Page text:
A chain of events
Linear ubiquitin chains, whose very existence once was debated,
now are known to play a critical role in an inflammatory disease,
thanks to the discovery of an enzyme
Published January 05 2016
A few years ago, David Komander was tipped off to a mysterious gene. Komander, a biochemist at the Medical Research Council Laboratory of Molecular Biology in the U.K., is an expert in the enzymes of the ubiquitin system. A colleague told him that he had found a gene that made a protein of unknown function called FAM105B. “If any protein is called FAM,” says Komander, “it usually means nobody knows anything about it.”
The gene for FAM105B bore some of the hallmarks of those that make deubiquitinases. Deubiquitinases are enzymes that remove chains of ubiquitin. After doing their analyses, Komander and his colleagues concluded in 2013 that FAM105B was a deubiquitinase.
But it wasn’t just any deubiquitinase. It was specific to a special kind of ubiquitin chain. After finding this particular deubiquitinase, several groups of researchers, including Komander’s, discovered that the enzyme was important for keeping immune cells on an exquisitely delicate balance. If something went wrong with the enzyme, the immune cells went off the rails and caused a rare inflammatory disease.
Ubiquitin is a protein of merely 76 amino acids. When tacked onto proteins, ubiquitin affects them in a number of ways. For one, it can set off the degradation of the tagged protein, a discovery that got Irwin Rose at the University of California, Irvine, as well as Aaron Ciechanover and Avram Hershko at the Technion–Israel Institute of Technology the Nobel Prize in chemistry in 2004. Ubiquitination also can change a protein’s location, activity or ability to interact with other proteins.
A triad of enzymes known as E1s, E2s and E3s attach ubiquitin to proteins. Ubiquitin can be attached either as a single molecule or as a chain. Chains of ubiquitin have a variety of forms, because the chains can be linked in eight different ways, either through one of the seven lysines or a specific methionine called Met1 on the ubiquitin molecule. Given the different ways for attaching ubiquitin — single or one of the eight types of chains — the repertoire of ubiquitin modifications is extensive. Different types of modifications have their own effects and sets of enzymes.
However, the existence of one of the ubiquitin chains, the linear chains made through Met1, once was contested. About five years ago, it was “hotly debated whether these linear ubiquitin chains are very important cellular signals,” says Komander. Researchers were unable to detect Met1-linked chains readily and they didn’t know of any enzyme responsible for removing the Met1-linked chains. Scientists had found the linear ubiquitin assembly complex, known as LUBAC, which built up the linear ubiquitin chains, but no one had found the enzymes that specifically removed them. “This was really the key missing activity,” says Komander. If a signal is important, there must be enzymes in place to put the signal on and take it off for the sake of regulation.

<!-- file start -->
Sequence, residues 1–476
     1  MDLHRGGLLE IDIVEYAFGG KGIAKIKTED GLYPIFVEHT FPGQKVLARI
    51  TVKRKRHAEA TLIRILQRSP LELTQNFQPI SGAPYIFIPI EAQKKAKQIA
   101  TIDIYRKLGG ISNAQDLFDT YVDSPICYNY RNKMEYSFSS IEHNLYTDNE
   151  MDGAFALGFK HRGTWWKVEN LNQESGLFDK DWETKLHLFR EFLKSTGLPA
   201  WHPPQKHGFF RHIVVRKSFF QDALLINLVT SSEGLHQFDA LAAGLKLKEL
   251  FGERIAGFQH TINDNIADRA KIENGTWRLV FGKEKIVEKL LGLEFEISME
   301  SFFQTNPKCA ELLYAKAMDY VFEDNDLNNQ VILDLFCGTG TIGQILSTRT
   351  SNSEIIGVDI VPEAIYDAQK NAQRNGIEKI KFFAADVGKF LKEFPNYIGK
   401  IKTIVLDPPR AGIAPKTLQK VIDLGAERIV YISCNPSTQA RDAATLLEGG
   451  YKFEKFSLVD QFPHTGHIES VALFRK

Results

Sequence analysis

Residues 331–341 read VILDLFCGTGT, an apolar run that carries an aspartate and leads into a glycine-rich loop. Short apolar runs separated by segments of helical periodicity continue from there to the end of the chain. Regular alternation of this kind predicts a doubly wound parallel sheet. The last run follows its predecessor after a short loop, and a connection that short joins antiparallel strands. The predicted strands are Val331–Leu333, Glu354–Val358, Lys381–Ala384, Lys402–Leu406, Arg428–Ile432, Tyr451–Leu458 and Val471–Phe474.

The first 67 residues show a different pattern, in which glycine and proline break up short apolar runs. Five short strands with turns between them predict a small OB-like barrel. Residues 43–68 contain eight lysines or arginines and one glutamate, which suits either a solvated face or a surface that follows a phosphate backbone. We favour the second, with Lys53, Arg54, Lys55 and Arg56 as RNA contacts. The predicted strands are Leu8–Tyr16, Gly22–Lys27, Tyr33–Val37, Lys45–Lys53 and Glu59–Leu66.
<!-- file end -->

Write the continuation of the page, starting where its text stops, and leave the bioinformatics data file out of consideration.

With the deubiquitinase for Met1-linked linear ubiquitin chains missing, some researchers were doubtful that Met1-linked linear ubiquitin chains were critical in cell physiology. But after analyzing FAM105B, Komander and others had their hands on the missing enzyme. It was the proof that linear chains are important in cell signaling.
In a 2013 Cell paper, Komander and his team described how their deubiquitinase specifically cleaved linear ubiquitin chains. Because the enzyme belonged to the OTU family of deubiquitinases and was targeted solely for linear ubiquitin chains, the investigators put OTU and “lin” together to give “OTULIN.” The same protein also was found by Frank Sicheri and Sabine Cordes at Samuel Lunenfeld Research Institute in Canada; they called the protein Gumby in their 2013 Nature paper.
Molecular biologists now had the deubiquitinase that was specific for breaking down linear ubiquitin chains. But clinicians soon became intrigued by the enzyme. Cartoon of ubiquitin highlights its secondary structure. IMAGE COURTESY OF WIKIMEDIA
The gene hunt
Ivona Aksentijevich at the National Human Genome Research Institute has devoted her medical career to studying patients who have disorders that involve systemic inflammation, the causes for which are unknown. “I’ve been studying patients with rare inflammatory diseases for more than 25 years,” notes Aksentijevich. “I have participated in gene discoveries for nine diseases.”
So it wasn’t out of the ordinary that she and her colleague, Daniel Kastner, also at the NHGRI, were asked to examine a British Pakistani family with a child who displayed severe systemic inflammation from birth. The child was kept alive by heavy doses of anti-inflammatory medications and steroids. The child had two unaffected siblings but had first cousins who had symptoms of systemic inflammation at birth and died early in childhood.
The important clue clinicians had was that the family had intermarried for several generations. The disease was unknown outside of the family and not described in literature. Whatever was causing the disease had to be a genetic mistake that was carried in a single gene in both the parents’ DNA.
Aksentijevich, Kastner and the rest of their team collected blood samples from the family members and carried out whole-exome sequencing. They noted that the child with the rare disorder “had a homozygous mutation in this protein which is known as OTULIN.” Aksentijevich adds that the researchers first came across the name FAM105B, “which misled us for some time because we thought it was some poorly characterized gene.” But once they realized they were dealing with OTULIN, the clinicians knew what they were working with.
The investigators knew about patients who had a deficiency in LUBAC and suffered from an unusual phenotype that involved the immune system. OTULIN was known to interact with the LUBAC complex, which suggested that mutations in OTULIN also could cause systemic inflammation.